Under QE, central banks create money (the so called central bank’s reserves) and mobilize those reserves to purchase financial assets on a large scale and over a certain period of time. Usually, central banks purchase sovereign bonds with the intention of pushing down interest rates on those bonds, to encourage the financial sector to move away from investing in sovereign bonds and to instead lend money to riskier projects under the so-called “portfolio rebalancing effect”. This type of money creation is therefore targeted to the financial sector, with assets as collateral on the central bank’s balance sheet and, more importantly, is a temporary operation: the central bank destroys the money once the bonds it holds come to maturation.
Helicopter money is therefore very different from QE. In fact, it is precisely because of the many shortcomings of QE that helicopter money is being presented by a growing number of people as a superior alternative.
Helicopter money as an alternative to quantitative easing
The assessments of QE programmes in the US, Japan, and the UK have been subject to a wealth of contradictory conclusions. In Europe, the ECB’s QE programme was first applauded as progress, after years of speculation and resistance to implementation of QE when it was desperately needed – when the Greek crisis hit. However, it is becoming clear that QE recipes, in Europe and elsewhere, never really do the trick.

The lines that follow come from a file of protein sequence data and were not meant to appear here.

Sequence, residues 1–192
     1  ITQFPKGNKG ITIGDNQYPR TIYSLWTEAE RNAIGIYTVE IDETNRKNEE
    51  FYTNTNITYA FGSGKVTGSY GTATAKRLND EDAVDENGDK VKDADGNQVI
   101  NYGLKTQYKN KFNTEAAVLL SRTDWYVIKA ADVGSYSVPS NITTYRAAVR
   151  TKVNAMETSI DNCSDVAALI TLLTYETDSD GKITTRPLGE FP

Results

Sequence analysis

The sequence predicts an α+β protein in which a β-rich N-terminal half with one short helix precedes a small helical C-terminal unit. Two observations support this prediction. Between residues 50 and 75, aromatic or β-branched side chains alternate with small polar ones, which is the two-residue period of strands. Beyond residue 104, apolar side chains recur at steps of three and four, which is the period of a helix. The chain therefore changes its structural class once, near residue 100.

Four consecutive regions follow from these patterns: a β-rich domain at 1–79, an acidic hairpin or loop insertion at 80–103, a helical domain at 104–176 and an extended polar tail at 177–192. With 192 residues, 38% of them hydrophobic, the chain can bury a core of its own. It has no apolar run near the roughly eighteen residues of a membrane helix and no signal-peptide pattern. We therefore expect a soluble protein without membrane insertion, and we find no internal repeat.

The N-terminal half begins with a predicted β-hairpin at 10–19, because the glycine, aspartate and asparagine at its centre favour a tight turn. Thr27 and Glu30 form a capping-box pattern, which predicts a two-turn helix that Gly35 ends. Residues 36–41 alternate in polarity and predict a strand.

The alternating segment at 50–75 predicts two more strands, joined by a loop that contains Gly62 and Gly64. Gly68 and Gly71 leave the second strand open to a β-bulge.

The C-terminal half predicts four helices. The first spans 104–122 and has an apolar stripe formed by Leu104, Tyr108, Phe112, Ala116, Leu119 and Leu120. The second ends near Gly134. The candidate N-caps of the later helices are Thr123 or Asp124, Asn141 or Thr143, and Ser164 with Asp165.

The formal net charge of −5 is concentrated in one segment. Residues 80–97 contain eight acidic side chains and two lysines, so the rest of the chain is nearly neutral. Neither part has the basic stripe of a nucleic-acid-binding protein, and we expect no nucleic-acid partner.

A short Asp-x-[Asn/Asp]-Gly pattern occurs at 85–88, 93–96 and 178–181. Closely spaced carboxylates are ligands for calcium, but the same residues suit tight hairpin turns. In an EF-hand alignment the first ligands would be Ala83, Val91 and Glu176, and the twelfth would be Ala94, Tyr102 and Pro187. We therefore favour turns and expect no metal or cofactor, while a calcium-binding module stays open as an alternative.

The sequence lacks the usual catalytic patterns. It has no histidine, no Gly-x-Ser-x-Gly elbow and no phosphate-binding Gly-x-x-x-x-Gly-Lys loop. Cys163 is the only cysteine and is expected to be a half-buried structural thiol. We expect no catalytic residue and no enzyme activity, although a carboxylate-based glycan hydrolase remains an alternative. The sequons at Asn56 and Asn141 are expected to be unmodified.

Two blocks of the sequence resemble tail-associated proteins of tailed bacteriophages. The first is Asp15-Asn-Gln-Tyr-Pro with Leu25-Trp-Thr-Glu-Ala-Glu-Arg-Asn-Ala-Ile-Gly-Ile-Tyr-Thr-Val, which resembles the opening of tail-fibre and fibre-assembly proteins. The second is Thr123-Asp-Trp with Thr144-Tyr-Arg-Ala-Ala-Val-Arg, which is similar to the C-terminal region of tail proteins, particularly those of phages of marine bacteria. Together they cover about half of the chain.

Generally speaking, QE does cause lending conditions to improve, but it does not automatically lead to an increase in bank lending. In other words, the “transmission channel” of monetary policy does not work so well under QE. To be fair, this is not the banks’ fault: there is little banks can do when conditions are so bad that virtually no companies or households want to take on debt because the economy is already over-indebted.
Economists talk of a “liquidity trap” whereby injections of cash into the private banking system by a central bank fail to stimulate the real economy. QE doesn’t overcome this trap.
Even worse, QE is often accused of creating asset bubbles and increasing wealth inequality, because the massive injection of money is narrowly targeted towards financial asset disproportionately owned by the rich. The Bank of England itself estimates that its own QE programme has increased by 40% the wealth of the richest 5% of Brits.
Against this background, helicopter money is experiencing a comeback, perhaps with even more strength than Friedman could ever have imagined. Since the start of the crisis, prominent economists and commentators, including Martin Wolf, Steve Keen, Anatole Kaletsky, Willem Buiter, Adair Turner, John Muellbauer, Bradford Delong and Martin Sandbu, have advocated for central banks to implement some form of helicopter money. Anatole Kaletsky and Steve Keen almost simultaneously proposed re-branding the concept “QE for People”, which later became the name of a European campaign (for which the author currently works).